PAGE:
The “Domain Registry of America” (also known as the “Domain Registry Group”) are still sending out notices as part of a “domain slamming” campaign, while OpenSRS are reminding people not to trust them.

In 2009, OpenSRS went on to remind people by reposting the information, saying:

We get calls daily from domain holders who have fallen victim to domain slamming

So, who can do something about this?

In 2001, the federal Competition Bureau (of Canada) issued a warning about documents that appeared to be invoices sent out by a business called the “Internet Registry of Canada.”

Action was taken again in 2003, this time by the Federal Trade Commission (FTC), but this hasn’t stopped them.

In 2008, ICANN, the task force behind .com and .net domains said:

“we are aware of accredited registrars in North America with officers that have been convicted of mail fraud, that continue to be associated with the deceptive marketing practices employed by the Domain Registry of America. We do not consider this an acceptable situation. Accreditation processes must be reviewed, and that review must be released for public scrutiny”

While also in 2009, the Advertising Standards Authority (UK) went on to issue an adjudication on the “Domain Registry of America”.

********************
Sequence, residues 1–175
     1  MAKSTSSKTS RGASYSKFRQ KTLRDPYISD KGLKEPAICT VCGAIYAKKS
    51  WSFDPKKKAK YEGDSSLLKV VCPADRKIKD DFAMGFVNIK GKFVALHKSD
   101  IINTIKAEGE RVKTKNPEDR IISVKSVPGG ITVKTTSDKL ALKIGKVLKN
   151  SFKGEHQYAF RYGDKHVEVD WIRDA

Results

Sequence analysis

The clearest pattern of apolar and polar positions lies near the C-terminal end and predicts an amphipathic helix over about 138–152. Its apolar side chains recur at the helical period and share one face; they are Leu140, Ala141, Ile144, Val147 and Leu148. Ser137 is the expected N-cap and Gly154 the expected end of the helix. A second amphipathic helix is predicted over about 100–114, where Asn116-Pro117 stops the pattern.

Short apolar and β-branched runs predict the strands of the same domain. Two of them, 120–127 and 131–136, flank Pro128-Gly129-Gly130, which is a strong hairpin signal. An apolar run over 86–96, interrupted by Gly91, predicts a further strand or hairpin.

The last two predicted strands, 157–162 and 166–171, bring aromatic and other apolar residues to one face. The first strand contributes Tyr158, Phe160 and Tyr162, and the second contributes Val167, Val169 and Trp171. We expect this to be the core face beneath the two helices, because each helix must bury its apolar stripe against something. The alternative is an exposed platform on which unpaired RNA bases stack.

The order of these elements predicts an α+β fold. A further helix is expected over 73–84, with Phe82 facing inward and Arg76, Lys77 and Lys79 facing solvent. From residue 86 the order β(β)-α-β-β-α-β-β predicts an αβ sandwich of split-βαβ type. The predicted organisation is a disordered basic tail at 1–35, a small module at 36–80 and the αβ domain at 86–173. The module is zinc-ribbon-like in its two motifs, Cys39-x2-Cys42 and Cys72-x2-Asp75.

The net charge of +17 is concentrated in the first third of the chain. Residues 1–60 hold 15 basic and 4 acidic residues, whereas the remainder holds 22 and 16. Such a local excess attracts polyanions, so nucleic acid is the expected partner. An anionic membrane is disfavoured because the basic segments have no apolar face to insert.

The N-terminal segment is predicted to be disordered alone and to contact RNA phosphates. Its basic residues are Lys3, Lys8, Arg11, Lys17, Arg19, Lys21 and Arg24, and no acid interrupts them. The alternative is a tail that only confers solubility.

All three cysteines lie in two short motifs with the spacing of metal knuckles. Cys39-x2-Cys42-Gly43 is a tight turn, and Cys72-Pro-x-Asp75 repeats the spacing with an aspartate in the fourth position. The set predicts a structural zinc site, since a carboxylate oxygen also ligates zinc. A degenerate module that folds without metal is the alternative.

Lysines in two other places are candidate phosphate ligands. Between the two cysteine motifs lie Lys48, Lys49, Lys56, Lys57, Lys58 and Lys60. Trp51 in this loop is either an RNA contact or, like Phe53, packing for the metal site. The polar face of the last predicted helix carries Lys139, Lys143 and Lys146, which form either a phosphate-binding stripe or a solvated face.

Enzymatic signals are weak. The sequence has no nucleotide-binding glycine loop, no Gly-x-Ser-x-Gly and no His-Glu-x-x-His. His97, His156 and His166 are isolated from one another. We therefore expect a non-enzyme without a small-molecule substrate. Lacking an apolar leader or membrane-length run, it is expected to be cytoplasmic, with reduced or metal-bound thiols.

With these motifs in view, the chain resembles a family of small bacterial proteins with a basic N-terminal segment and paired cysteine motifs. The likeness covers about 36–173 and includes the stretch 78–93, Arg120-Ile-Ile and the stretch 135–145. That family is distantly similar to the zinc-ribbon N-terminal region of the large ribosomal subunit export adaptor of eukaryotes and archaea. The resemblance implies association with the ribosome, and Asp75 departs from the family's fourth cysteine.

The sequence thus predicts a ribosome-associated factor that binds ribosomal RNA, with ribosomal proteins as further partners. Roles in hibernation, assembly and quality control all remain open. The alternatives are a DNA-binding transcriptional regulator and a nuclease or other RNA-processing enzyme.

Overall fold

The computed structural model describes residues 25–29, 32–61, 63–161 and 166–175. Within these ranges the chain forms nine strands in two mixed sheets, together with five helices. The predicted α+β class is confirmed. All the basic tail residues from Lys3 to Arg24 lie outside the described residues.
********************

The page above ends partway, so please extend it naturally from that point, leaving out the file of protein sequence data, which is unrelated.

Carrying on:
What can I do to stop this?

The advice is to apply the following:

  • WHOIS Privacy
  • This service is generally provided for free and means that your postal details cannot be viewed.

  • Domain locking
  • If your domain is locked it cannot be transferred away from your registrar without being unlocked first.

  • Communication
  • Let us know, let your host/ISP know, let advertising watchdogs know, let everyone know. The more people that are aware of this problem the better.

KEEP any notices or letters you have received and take a digital copy (scan or photo) as they can be used as evidence.

Although you can also send a complaint to ICANN (the non-profit organization that oversees the use of Internet domains) their advice is to file a formal complaint with consumer protection entities and advertising watchdogs such as:

If in doubt, contact your domain registrar.

Update @ 25/07/11

We submitted a complaint to ASA, who replied saying that “recipients are unlikely to respond to the advertisement in error”.

Although we agree with ASA (having read their full response), it is still strongly advise that you continue to use domain locking and WHOIS privacy as form of protection against domain slamming attempts.